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Operation Warrior Wishes reach links, second anniversary

Inaugural golf scramble benefits STC-based nonprofit

Published: Thursday, Aug. 14, 2014 10:06 p.m. CDT • Updated: Thursday, Aug. 14, 2014 10:28 p.m. CDT
Caption
(Photo provided)
Craig (left) and Matt Steichen pose with Matt Steichen’s newborn son, Xander Ditka Steichen.

St. Charles-based entrepreneurs Craig and Matt Steichen stand just a few weeks away from celebrating the second anniversary of Operation Warrior Wishes.

“It’s hard to explain,” Craig Steichen said, “but one day you’re thinking it was yesterday and the next you think, ‘Wow, it’s already been two years.’ ”

What began as a father-son challenge to see a game in each NFL stadium during one season grew rapidly into a 501(c)(3), nonprofit organization that helps wounded veterans and their families attend sporting events nationwide.

On Aug. 25, the Steichens will welcome another barometer for measuring time, as Operation Warrior Wishes’ inaugural golf scramble will be at Royal Hawk Country Club in St. Charles.

As of Thursday, 16 foursomes had registered for the event, hovering closely to the Steichens’ initial goal of 25. Cost is $125 a golfer or $450 for a foursome, with the package including greens and cart fees, plus a dinner banquet.

Hole sponsorships remain available, as well, at rates of $2000, $500 and $250.

All proceeds benefit Operation Warrior Wishes and its 2014 NFL campaign, which begins with the Sept. 4 season opener between the host Seattle Seahawks and Green Bay Packers.

Current sponsorships include a Firestone hole in which two tires are placed on the green. A ball landing in either one nets the golfer a prize.

For information, call Craig Steichen at 630-339-6714.

The Steichens since have grown their operation to include sponsors in several NFL cities, meaning both are not required to attend each game. Matt Steichen and his wife welcomed a son, Xander Ditka Steichen, seven months ago, limiting Matt Steichen’s availability to stadiums within day trip distance – Chicago, Green Bay and Indianapolis.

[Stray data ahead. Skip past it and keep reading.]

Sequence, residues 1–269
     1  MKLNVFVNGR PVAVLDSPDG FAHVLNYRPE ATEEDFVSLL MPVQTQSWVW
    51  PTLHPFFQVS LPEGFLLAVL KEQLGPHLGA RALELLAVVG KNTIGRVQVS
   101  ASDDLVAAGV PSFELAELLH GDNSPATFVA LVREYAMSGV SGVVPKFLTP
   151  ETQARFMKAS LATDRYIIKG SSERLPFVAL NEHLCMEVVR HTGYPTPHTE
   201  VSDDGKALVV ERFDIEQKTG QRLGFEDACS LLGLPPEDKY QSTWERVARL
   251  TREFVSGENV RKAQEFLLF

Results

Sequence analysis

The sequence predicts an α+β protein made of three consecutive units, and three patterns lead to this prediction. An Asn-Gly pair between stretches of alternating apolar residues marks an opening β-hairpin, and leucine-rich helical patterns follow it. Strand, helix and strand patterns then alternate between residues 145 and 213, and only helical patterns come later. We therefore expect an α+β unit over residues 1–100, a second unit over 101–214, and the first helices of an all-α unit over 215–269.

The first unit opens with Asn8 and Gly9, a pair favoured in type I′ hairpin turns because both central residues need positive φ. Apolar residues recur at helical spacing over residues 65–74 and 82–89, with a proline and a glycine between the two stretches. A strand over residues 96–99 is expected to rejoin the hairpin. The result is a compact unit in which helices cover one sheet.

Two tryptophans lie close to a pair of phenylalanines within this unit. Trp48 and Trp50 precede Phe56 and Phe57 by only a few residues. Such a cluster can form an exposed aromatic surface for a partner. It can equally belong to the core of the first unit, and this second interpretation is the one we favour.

Yes, his son’s middle name is after iconic former Bears coach Mike Ditka, but it also traces to the charity. Honest.

In the early stages of the Warrior Wishes project, when it still was called All32in17, then-ESPN personality Rick Reilly delivered a video essay about the endeavor on a “Monday Night Countdown” around Veteran’s Day. Ditka, a co-host on the show, urged the Steichens to contact him. He later became Warrior Wishes’ first donor.

Major League Baseball since has reached out to the Steichens, who also have began servicing families of fallen soldiers. A documentary about Warrior Wishes also is near release.

Craig Steichen, a semi-retired salesman, and Matt Steichen, a banker, are eager to see how the golf fundraiser boosts Warrior Wishes, although still a tad cautious.

“We want to be big in scope,” Craig Steichen said, “but we don’t want to be a huge organization that’s going to have 50 employees and that kind of thing.”

• Kevin Druley is a sportswriter for the Kane County Chronicle. He can be reached at 630-845-5347 or kdruley@shawmedia.com. Follow him on Twitter at @kevindruley.

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